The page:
The styrene resin to be used is a resin comprising styrene or a derivative thereof as a major component and having satisfactory compatibility with polyphenylene ether. Specific examples of such a styrene resin include polystyrene, high-impact polystyrene, polymethylstyrene, poly-α-methylstyrene, a styrene-α-methylstyrene copolymer, a styrene-maleic anhydride copolymer, a styrene-(meth)-acrylic acid copolymer, a styrene-glycidylmethacrylate copolymer, a styrene-butadiene random copolymer or a hydrogenation product thereof, a styrene-acrylonitrile copolymer, an ABS resin, and the like. As the proportion of the styrene resin in the component (a) increases, the resulting resin composition would have increased fluidity with reduced high temperature resistance. The proportion of the styrene resin can be selected according to the end use of the composition and is usually from 0 to 50% by weight, preferably from 0.1 to 50% by weight, and more preferably from 0.1 to 30% by weight, based on the total amount of the polyphenylene ether and the styrene resin.
The proportion of the component (a) in the resin composition ranges from 20 to 80% by weight, preferably from 30 to 70% by weight, and more preferably from 40 to 60% by weight, based on the total amount of the components (a), (b), and (c).
The polyolefin resin which can be used as component (b) in the present invention includes a homopolymer of propylene, a copolymer comprising propylene as a main component (such a propylene homo- or copolymer will hereinafter be inclusively referred to as a propylene polymer), and a mixture of the propylene polymer with other α-olefin polymer, consequently the polyolefin resin containing a propylene unit as a major component.
In these polymers comprising a propylene unit as a major component, the crystalline component derived from the propylene unit preferably has a melting point of 130° C. or higher from the standpoint of high temperature resistance, fluidity, and economy. Examples of the component (b) include a propylene homopolymer, a block or random copolymer of propylene and other α-olefin(s), and a mixture of such a propylene polymer with other α-olefin polymer(s). Specific examples of the α-olefin unit in the propylene copolymer are ethylene, propylene, 1-butene, 1-pentene, 1-hexene, 3-methyl-butene-1, 3-methyl-pentene-1,4-methyl-pentene-1, and 1-octene. Specific examples of the other α-olefin polymer to be combined with the propylene polymer include a propylene/α-olefin copolymer containing a minor proportion of propylene, and a homo- or copolymer of an α-olefin other than propylene, as well as an α-olefin olefin copolymer containing a small amount of a vinyl monomer or a non-conjugated diene.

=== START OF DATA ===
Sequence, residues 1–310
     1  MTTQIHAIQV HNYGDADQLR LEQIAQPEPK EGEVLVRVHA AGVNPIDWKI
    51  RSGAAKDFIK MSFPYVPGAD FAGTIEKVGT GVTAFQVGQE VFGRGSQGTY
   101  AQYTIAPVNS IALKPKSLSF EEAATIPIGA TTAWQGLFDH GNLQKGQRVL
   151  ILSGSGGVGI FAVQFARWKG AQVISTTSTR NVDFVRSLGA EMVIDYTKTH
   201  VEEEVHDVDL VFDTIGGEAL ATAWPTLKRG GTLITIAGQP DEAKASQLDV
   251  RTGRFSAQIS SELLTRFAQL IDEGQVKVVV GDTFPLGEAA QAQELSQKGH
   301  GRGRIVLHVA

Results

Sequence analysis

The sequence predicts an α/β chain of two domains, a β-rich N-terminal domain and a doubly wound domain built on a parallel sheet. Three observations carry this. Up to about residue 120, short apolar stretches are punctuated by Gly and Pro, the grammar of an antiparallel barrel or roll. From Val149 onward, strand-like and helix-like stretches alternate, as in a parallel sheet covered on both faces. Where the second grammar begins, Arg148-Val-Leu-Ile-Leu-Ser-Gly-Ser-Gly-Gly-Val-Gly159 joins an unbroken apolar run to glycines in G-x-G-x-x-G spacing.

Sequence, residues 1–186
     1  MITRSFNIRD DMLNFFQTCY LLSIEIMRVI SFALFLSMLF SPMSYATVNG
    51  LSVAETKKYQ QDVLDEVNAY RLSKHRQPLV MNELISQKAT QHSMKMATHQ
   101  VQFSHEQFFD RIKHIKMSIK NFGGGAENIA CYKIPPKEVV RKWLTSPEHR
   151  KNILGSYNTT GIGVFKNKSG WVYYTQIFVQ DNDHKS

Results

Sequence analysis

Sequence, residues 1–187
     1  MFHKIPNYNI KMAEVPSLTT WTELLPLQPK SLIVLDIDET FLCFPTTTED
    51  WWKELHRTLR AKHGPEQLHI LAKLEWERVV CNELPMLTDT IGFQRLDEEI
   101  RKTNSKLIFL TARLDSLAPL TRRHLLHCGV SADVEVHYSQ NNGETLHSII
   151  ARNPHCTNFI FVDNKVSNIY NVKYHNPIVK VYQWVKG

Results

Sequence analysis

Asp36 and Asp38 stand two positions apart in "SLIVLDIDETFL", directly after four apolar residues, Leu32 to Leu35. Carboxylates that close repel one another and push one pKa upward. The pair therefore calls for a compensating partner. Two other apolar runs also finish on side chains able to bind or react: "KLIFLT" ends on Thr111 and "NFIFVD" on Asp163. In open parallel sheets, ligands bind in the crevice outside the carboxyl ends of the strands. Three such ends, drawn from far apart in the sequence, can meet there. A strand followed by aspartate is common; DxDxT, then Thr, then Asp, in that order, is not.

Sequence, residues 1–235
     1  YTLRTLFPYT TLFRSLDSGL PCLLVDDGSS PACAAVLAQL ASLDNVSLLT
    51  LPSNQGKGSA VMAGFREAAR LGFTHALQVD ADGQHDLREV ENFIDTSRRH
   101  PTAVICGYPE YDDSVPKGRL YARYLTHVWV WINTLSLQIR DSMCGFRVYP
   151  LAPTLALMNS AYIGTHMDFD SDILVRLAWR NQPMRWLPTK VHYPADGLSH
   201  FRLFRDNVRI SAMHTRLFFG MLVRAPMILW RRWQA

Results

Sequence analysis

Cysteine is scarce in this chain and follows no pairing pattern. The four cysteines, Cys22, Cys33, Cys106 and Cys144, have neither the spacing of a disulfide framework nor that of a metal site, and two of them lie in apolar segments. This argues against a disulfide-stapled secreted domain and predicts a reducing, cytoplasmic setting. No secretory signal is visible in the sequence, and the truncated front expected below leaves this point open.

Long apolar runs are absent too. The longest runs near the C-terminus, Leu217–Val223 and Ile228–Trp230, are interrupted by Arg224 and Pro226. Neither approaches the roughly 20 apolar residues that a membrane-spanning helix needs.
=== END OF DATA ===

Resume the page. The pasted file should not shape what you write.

Specific examples of the polyolefin resin as the component (b) include polypropylene, a propylene/ethylene copolymer containing a propylene unit in a major proportion, and a mixture of polypropylene and an ethylene/propylene rubber or polyethylene containing polypropylene in a major proportion. Comonomers which may be present in the polyolefin resin in a small proportion includes aromatic vinyl compounds, e.g., styrene, methylstyrene, etc.; vinylsilane compounds, e.g., vinyltrimethylmethoxysilane, vinyltriethoxysilane, etc.; unsaturated fatty acids and derivatives thereof, e.g., acrylic acid, methacrylic acid, maleic acid, maleic anhydride, methyl methacrylate, etc.; and non-conjugated diene compounds, e.g., dicyclopentadiene, 4-ethylidene-2-norbornene, 4-methyl-1,4-hexadiene, 5-methyl-1,4-hexadiene, etc.
The polyolefin resin (b) preferably has a melt flow rate (MFR) usually ranges from 0.01 to 150 g/10 min, preferably from 0.05 to 70 g/10 min, and more preferably from 0.1 to 50 g/10 min, as measured at 230° C. under a load of 2.16 kg in accordance with JIS K7210-1975.
The above-described polyolefin resins can be obtained by known processes, and they may be used either individually or in combinations thereof.
Preferred among these polyolefin resins are a crystalline propylene homopolymer and a crystalline propylene/ethylene block or random copolymer having a propylene content of from 60 to 99% by weight, preferably from 70 to 99% by weight, and more preferably from 80 to 95% by weight, and mixtures of these propylene polymers and an α-olefin copolymer having rubbery properties and containing not more than 50% by weight of a propylene unit, such as an ethylene/propylene copolymer, an ethylene/butene copolymer, an ethylene/propylene/butene copolymer, and these α-olefin copolymers containing a small amount of a non-conjugated diene comonomer.
The proportion of the other α-olefin polymer in the polyolefin resin (b) ranges from 1 to 50% by weight, preferably from 1 to 40% by weight, and more preferably from 5 to 30% by weight. The mixture of the propylene polymer with the other α-olefin polymer can be obtained by separately preparing these polymers and then mixing them by melt-kneading or solution mixing or mixing them at the time of mixing with the components (a) and (c). The mixture can also be obtained by first preparing either of the propylene polymer and the other α-olefin polymer and subsequently polymerizing the other in the same polymerization system.